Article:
“As a consequence of [the] 1990 movement, Communists (led by hill elites) emerged as a formidable new force. [The] Revolutionary land reform agenda has been now their political agenda. But it would be naive to say that it was no more the agenda of Nepali Congress. Prime minister Sher Bahadur Deuba ha[d] agreed to reduce the ceiling to 4 to 5 bighas from 11 bighas in Madhesh. It was due to the movement led by Nepal Sadbhawana Party and supported by madheshi elites across parties that the government dropped its agenda. And now in 2007 they are the Maoists who have designed to march ahead with their agenda of revolutionary land reform. It has explicitly been mentioned in the Interim Constitution. This time too, Nepal Sadbhawana Party (Anandi Devi) has written note of dissent against the revolutionary land reform program. The aim behind such an agenda is obviously to enhance the control of hill centric state over madhesh. This is the context against which the current Madheshi movement and its demands of republicanism, autonomy, self determination and federalism should be understood.”
Even Jwala Singh, a militant Madhesi leader demanded that, “The land of Madheshis captured by Maoists should be given back”.
Obviously these sections of the Terai leadership will be all the more anxious, as the Maoists have already included the demand for ‘land to the tiller’ in their Commitment Document for the Constituent Assembly elections.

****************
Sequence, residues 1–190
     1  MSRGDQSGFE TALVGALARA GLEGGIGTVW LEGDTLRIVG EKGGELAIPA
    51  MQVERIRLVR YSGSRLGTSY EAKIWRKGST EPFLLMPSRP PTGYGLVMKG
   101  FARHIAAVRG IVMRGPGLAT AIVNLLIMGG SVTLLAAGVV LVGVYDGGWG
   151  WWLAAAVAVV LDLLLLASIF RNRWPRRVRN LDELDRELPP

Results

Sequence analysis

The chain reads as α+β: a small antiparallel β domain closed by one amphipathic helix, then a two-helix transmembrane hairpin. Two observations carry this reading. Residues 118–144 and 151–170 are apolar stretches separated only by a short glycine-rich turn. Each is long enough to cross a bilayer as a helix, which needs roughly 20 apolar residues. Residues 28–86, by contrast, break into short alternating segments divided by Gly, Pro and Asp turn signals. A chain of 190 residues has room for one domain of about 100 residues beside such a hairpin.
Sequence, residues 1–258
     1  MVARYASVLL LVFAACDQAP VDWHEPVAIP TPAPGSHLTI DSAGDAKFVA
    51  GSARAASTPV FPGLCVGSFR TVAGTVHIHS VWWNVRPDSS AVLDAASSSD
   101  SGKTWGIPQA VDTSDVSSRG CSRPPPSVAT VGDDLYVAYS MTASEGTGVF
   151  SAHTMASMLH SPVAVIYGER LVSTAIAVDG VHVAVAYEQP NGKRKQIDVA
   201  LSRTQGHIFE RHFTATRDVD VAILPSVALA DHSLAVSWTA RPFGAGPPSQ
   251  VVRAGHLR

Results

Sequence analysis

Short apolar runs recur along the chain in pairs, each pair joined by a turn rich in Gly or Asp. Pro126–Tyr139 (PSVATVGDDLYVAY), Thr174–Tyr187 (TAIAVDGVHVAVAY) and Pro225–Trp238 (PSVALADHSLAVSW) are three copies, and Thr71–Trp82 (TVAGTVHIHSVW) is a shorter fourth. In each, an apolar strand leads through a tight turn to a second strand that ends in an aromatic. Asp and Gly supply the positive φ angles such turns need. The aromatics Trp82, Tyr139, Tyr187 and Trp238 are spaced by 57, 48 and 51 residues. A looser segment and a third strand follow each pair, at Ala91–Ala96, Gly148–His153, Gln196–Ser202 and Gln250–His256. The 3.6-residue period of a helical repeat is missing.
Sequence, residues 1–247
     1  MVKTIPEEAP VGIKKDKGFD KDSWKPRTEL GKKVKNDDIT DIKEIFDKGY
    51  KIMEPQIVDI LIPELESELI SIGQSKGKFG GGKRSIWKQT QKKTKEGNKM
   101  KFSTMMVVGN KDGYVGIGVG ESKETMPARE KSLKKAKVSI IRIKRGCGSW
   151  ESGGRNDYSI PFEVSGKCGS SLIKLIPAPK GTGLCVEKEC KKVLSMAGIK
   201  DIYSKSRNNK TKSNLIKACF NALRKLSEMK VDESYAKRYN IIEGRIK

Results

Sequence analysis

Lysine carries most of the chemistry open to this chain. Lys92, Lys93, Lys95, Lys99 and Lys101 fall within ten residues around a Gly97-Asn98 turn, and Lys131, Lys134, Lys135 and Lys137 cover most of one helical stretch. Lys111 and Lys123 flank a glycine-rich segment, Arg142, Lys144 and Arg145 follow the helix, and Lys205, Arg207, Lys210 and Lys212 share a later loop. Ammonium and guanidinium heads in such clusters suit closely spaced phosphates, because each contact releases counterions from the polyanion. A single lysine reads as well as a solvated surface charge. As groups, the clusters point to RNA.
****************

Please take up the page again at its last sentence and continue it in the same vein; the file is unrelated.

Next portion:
Furthermore, the Terai region being geographically, culturally and economically closer to the only immediate imperialist force and agency in the region, India, is also open to various kinds of imperialist manipulation. In recent years, India with its rising economic interests beyond its territory has used all sorts of “identities” to assert a diasporic homogeny under the garb of which it can support its cross-border political economic expansion. It is not very surprising that this expansionist tenor was firmly and vocally established by the Rightist forces in India. It can in fact be comfortably said that the rightists became a legitimate force in India only with the rise of neoliberalism, when Indian capital found Indianness, Hinduism etc to be effective in its “free” market consolidation and operation globally. One needs to cursorily go through the widely circulated weekly of Hindu fascists, Organiser and its chatterbox journalism to grasp the confident obscenity of Indian expansionism in its extreme. Recently it invented “The Western-Christian agenda in Kathmandu” and “the Christian leadership of the Maoists”, lamenting the threat to the “Hindu civilisation”: